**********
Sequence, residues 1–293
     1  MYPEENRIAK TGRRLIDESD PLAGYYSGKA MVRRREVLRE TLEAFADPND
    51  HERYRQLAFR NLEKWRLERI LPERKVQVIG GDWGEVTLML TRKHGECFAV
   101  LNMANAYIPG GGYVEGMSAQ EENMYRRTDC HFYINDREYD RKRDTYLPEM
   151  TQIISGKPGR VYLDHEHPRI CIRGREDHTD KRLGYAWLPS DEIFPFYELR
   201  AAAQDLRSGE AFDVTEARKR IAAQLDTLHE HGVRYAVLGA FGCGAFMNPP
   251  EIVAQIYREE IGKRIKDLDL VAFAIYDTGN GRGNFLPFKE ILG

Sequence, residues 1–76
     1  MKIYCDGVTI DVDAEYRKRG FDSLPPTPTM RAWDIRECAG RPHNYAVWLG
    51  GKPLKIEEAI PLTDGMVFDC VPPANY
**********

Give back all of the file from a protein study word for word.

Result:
Sequence, residues 1–293
     1  MYPEENRIAK TGRRLIDESD PLAGYYSGKA MVRRREVLRE TLEAFADPND
    51  HERYRQLAFR NLEKWRLERI LPERKVQVIG GDWGEVTLML TRKHGECFAV
   101  LNMANAYIPG GGYVEGMSAQ EENMYRRTDC HFYINDREYD RKRDTYLPEM
   151  TQIISGKPGR VYLDHEHPRI CIRGREDHTD KRLGYAWLPS DEIFPFYELR
   201  AAAQDLRSGE AFDVTEARKR IAAQLDTLHE HGVRYAVLGA FGCGAFMNPP
   251  EIVAQIYREE IGKRIKDLDL VAFAIYDTGN GRGNFLPFKE ILG

Sequence, residues 1–76
     1  MKIYCDGVTI DVDAEYRKRG FDSLPPTPTM RAWDIRECAG RPHNYAVWLG
    51  GKPLKIEEAI PLTDGMVFDC VPPANY